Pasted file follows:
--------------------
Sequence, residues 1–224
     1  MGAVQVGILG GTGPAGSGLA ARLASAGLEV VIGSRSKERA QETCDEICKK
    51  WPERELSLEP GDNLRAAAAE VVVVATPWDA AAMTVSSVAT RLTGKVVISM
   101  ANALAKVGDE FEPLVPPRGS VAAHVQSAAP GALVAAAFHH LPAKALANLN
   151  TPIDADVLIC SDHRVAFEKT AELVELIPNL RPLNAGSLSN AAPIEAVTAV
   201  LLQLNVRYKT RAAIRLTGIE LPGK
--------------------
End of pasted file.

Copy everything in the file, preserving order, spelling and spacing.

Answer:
Sequence, residues 1–224
     1  MGAVQVGILG GTGPAGSGLA ARLASAGLEV VIGSRSKERA QETCDEICKK
    51  WPERELSLEP GDNLRAAAAE VVVVATPWDA AAMTVSSVAT RLTGKVVISM
   101  ANALAKVGDE FEPLVPPRGS VAAHVQSAAP GALVAAAFHH LPAKALANLN
   151  TPIDADVLIC SDHRVAFEKT AELVELIPNL RPLNAGSLSN AAPIEAVTAV
   201  LLQLNVRYKT RAAIRLTGIE LPGK